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Friday, December 7, 2007

Estonia Inflation November 2007

First off I would like to say that despite all rumours to the contrary, I have not given up on the Baltics. Far from it. But I have been busy trying to improve my understanding of the problems, in part by looking at Romania, and even more to the point at Russia. If Mother Russia catches the Baltic illness, then we will all be in trouble, oh deary me! I have also been peering and peering into what is happening in Hungary, to try and see if anything can be learnt from finding out why Hungary is so different from the rest of the EU10, as well as what the correction in Hungary can tell us about what might happen next in the Baltics. The only definitive conclusion I can offer you is that addressing the domestic demand issue without takling the currency value question raises the danger of making any correction a very protracted and painful affair, and even then the problem may not be solved. So there are clear, and to the point, arguments for ripping off the band-aid in one foul stroke.

Well, now back to matters in hand, inflation in Estonia. According to Statistics Estonia, the percentage change of the consumer price index in November 2007 compared to November 2006 was 9.1%. On average, the prices of goods and services in November 2007 were 1.4% higher than in October 2007. The broke down into a 15.1% increase in food and non-alcoholic beverages, 13.4% for housing, 9.2% for health, and only 3.3% on household goods. Put another way, the rise in the nontradeable sector (apart from agriculture and fuel, where global prices do play a big role) carried the weight of the increase. In other sectors pressures for import substitution keep some sort of a lid on prices. As we will see in the chart, in recent months inflation - as in many other parts of the EU10 as well as in Russia and Ukraine - is now starting to climb up towards the roof.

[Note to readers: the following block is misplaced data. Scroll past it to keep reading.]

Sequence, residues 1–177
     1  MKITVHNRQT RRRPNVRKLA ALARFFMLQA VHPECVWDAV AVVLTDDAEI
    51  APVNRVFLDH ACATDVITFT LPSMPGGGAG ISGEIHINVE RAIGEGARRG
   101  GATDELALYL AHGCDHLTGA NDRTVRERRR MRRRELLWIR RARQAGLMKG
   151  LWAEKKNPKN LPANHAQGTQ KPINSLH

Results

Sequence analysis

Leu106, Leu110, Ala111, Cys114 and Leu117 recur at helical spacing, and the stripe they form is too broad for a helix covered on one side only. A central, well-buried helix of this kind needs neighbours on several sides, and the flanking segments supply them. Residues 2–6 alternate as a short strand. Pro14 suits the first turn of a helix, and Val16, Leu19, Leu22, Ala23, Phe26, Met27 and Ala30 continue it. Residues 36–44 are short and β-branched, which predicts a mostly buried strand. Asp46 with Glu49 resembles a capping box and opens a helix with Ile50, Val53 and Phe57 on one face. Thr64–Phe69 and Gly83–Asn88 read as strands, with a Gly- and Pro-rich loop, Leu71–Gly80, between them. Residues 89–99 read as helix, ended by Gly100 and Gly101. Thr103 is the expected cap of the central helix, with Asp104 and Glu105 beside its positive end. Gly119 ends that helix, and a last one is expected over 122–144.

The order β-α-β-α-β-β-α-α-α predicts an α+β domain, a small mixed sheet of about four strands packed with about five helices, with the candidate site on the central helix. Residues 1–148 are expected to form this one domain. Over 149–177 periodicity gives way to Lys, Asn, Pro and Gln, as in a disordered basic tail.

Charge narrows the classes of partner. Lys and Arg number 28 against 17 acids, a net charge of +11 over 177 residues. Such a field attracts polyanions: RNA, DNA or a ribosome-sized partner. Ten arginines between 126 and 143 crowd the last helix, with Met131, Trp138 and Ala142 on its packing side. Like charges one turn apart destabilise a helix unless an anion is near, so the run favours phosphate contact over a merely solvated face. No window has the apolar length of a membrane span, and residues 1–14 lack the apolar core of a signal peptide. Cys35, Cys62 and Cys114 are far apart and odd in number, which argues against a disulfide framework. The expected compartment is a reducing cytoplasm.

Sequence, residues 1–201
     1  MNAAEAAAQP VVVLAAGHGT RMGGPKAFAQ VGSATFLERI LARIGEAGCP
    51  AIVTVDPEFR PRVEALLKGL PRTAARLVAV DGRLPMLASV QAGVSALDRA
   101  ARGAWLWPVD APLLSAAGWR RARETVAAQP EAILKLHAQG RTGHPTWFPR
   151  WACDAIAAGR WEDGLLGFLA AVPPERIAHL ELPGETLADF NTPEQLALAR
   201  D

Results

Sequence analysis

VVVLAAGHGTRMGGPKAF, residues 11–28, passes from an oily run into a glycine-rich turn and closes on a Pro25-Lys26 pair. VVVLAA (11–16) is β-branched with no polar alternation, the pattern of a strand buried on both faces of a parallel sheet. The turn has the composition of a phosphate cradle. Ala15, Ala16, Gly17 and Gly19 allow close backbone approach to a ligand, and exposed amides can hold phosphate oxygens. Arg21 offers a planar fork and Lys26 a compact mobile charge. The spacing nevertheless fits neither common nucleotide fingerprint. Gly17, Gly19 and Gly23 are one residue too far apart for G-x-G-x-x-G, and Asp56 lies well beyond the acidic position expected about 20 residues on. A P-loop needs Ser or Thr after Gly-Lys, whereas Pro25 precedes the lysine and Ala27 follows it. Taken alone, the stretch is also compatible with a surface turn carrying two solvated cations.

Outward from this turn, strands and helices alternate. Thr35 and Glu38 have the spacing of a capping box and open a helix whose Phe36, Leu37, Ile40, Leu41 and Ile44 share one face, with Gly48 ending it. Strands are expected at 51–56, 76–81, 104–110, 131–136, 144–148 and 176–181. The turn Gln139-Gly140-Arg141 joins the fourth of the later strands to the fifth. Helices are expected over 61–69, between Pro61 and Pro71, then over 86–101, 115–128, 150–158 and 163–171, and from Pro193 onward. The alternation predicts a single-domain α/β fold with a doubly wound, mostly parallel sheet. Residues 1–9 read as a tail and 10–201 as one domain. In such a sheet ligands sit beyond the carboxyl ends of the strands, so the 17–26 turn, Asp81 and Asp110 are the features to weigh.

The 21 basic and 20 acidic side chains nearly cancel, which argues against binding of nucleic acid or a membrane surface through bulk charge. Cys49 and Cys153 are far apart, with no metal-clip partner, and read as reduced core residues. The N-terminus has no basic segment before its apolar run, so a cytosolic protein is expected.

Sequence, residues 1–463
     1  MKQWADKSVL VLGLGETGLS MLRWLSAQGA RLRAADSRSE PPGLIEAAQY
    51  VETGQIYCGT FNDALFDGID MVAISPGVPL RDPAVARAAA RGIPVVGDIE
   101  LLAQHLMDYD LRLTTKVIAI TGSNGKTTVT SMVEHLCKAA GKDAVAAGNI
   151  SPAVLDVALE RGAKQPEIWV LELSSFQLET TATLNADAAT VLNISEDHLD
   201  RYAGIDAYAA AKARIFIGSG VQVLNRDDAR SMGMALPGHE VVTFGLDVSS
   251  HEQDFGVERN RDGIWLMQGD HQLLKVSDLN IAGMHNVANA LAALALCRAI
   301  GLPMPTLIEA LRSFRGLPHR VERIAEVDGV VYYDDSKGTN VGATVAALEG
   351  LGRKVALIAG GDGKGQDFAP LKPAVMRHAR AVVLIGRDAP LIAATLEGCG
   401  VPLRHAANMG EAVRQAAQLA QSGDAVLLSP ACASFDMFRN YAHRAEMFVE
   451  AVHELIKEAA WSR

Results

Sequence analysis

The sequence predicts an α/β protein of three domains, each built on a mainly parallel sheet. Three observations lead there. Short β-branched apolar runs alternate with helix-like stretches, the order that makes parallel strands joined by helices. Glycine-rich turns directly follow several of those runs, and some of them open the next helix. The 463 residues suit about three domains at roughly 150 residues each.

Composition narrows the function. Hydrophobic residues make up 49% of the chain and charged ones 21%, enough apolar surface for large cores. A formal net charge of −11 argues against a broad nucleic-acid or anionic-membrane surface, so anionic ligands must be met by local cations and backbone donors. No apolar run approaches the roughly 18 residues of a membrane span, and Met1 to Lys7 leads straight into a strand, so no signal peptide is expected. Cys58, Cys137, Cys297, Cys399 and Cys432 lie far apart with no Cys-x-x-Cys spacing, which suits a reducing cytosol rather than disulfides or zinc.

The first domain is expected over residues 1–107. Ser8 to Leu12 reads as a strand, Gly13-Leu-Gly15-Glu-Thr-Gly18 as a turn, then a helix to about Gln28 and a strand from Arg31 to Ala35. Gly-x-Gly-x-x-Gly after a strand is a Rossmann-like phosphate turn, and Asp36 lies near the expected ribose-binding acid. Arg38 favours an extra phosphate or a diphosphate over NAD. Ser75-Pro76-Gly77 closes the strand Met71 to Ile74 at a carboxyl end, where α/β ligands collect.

What happens next? Well this is a difficult question to answer. Prices will obviously keep rising until they no longer can (dragged down by and inability to export and by falling domestic demand), but at the present time there is much less evidence of this in Estonia than there is in, say, Latvia, where the slowdown seems to be gathering momentum rather more rapidly.

Initiated by the dominant Swedish banks and encouraged by recent government restrictions, a supply-led credit slowdown is slowly but steadily developing into a demand-led slowdown. Private sector credit growth in Estonia slowed to 39% Y-o-Y in October, down from a 66% rate in mid-2006. In Latvia, the same measure was down to 42%Y-o-Y from 61% Y-o-Y.

The number of real estate transactions in Estonia has also fallen by 25% between Q2 and Q3 2007 to reach its lowest level for three years. So things are moving. But where? Well, watch out for more posting which should now come thick and fast over the next week, as little by little I try to work out what I myself really think about the answer to that question.

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